A cab driver was there to pick us up, arranged by the surf camp. Over the next couple of hours we drove down roads or what seemed to be roads, through a stream in which the water came scarily high in the SUV, and to a “ferry” which was little more than a floating metal rectangle, chains to guide it, and a smelly diesel engine which chugged out black smoke as we made our way across the river. For those taking the bus, one bus was on one side of the river and the other one opposite. However the lady with the cooler definitely had the best ceviche around and my second year I had enough courage to listen to the driver and get one.
Rule 3 – This is not the USA
It all seems so silly to state this rule but it’s different in Central America. For one hot water is not a norm it truly is a luxury. It was not until my third trip to Costa Rica that I encountered hot water from showers. In Nicaragua on the island of Ometepe I still have yet to have a hot shower, although I know they exist. I will never like cold showers but it makes me appreciate our tiny hot water heater at home that much more (our water heater fits under the kitchen sink). Toilet paper is not for flushing. In many places in Central and other parts of the world sceptic systems are not the same as they are in the US. It is normal to have a waste basket and throw the used paper into it. As well even in America I have used composting and sawdust toilets where you cover your business with sawdust sometimes in outhouses that are basically a 5 gallon bucket with a seat on them. Also have been places where leaves and ferns are toilet paper (mostly on hikes). The one tip I give people traveling for the first time to Central America is remember this is not the US.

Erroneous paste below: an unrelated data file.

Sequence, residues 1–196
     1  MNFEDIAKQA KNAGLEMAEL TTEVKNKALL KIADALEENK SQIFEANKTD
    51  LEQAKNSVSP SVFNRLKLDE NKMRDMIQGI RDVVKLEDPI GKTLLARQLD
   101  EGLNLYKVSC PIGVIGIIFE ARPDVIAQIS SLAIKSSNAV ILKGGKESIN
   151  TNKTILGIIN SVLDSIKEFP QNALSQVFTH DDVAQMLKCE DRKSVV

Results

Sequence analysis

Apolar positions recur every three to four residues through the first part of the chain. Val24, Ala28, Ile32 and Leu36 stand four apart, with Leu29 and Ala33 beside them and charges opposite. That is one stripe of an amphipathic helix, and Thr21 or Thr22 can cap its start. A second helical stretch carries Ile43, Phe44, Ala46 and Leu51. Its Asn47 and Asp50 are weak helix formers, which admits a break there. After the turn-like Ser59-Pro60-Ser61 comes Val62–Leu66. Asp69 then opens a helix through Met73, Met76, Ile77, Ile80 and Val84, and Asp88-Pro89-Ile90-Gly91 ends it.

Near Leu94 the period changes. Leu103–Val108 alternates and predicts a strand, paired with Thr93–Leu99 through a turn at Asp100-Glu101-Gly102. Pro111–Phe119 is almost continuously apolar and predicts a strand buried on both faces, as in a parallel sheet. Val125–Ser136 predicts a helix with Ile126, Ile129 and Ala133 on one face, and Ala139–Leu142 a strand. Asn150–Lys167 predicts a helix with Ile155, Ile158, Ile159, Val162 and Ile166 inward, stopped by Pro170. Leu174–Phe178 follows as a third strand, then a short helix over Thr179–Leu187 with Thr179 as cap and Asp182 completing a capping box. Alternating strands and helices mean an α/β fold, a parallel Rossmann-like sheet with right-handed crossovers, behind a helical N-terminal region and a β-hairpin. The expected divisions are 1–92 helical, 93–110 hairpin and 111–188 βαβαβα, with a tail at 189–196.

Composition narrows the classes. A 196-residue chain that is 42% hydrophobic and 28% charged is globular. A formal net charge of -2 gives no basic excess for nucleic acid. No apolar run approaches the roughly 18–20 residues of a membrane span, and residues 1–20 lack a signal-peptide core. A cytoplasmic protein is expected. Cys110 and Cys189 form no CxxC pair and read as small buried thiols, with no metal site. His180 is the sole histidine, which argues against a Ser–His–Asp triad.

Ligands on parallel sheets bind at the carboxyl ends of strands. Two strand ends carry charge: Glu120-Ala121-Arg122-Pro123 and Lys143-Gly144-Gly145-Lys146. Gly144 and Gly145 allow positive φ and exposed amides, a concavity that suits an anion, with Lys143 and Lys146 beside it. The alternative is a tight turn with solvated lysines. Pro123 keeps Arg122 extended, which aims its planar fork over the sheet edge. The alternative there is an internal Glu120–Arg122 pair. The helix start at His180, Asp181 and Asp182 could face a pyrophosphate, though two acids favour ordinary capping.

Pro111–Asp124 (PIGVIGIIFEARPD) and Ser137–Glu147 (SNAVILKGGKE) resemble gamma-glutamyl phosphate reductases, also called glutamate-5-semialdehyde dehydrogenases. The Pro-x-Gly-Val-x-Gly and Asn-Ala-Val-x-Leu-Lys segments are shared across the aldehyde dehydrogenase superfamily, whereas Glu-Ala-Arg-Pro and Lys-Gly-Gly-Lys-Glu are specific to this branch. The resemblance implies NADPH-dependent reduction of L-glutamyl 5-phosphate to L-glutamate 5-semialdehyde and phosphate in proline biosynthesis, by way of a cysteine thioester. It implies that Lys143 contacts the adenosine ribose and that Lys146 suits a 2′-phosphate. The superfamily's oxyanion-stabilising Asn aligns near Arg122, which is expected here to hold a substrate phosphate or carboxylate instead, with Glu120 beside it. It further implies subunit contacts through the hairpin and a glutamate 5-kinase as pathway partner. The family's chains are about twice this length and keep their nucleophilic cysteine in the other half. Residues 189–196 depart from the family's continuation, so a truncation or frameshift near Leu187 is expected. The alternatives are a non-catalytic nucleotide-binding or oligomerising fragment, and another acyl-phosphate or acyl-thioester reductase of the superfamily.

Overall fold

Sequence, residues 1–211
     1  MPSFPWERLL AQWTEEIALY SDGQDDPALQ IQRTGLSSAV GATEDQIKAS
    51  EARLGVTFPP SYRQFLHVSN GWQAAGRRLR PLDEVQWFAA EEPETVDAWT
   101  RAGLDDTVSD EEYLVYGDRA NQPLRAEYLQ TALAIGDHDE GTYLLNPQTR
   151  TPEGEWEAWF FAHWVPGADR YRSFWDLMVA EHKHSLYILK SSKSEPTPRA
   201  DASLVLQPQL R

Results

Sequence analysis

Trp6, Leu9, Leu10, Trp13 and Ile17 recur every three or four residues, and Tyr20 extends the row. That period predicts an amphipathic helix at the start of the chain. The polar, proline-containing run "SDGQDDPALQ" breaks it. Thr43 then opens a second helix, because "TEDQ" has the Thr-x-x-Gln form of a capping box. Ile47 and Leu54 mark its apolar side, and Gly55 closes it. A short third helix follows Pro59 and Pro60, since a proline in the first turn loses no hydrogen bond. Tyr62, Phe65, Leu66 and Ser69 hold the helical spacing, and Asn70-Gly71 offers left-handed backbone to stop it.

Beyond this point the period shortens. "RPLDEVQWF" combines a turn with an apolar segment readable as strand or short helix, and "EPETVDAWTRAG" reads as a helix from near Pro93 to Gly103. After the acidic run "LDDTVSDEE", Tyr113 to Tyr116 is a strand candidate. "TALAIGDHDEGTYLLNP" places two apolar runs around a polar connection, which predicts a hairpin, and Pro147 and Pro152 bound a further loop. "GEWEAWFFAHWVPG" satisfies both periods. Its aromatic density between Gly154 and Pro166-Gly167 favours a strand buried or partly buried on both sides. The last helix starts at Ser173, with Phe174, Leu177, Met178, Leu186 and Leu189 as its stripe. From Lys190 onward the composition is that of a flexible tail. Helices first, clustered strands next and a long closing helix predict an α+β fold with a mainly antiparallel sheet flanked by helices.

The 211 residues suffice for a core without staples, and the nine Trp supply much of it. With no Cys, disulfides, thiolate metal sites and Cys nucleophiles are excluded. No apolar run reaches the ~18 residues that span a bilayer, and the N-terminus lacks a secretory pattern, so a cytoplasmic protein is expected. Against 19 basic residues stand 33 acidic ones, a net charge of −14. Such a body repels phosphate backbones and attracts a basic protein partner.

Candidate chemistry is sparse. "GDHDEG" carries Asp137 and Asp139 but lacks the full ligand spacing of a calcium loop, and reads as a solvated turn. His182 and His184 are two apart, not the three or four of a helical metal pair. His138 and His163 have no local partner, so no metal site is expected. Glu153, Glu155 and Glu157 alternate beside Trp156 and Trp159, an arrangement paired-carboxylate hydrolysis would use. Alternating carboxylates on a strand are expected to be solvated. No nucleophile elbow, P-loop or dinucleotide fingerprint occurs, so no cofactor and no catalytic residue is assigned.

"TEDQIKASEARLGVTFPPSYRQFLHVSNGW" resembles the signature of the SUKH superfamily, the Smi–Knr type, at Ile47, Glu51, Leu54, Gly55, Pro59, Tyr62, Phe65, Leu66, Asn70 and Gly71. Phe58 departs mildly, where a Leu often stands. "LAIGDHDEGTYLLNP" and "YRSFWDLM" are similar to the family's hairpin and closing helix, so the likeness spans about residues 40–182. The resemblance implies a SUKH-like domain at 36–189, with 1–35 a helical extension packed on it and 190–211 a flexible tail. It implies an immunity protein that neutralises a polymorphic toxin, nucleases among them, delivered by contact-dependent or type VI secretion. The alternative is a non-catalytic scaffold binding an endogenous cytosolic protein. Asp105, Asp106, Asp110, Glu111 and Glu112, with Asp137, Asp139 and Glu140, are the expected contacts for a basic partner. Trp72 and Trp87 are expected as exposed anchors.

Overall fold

Also, if you really need things like in the US don’t stay at the cheap places. In Nicaragua a couple stayed in a hotel room with hot water, a/c, and all that good stuff for about $90 a night, expensive on the island but really cheap when you think of what you get for that in the US. On the other hand if you stay in a place that’s $7 a night don’t expect the water to be on all the time, and if it is it won’t be hot. Don’t expect perfection. My light switch for my bathroom in Nica this year was two wires and the shower never turned all the way off, we had a fan and it worked, really no need for a/c. A nightmare to some but for me, no biggie. You just adapt and enjoy the experience.
Rule 4 – Slow Down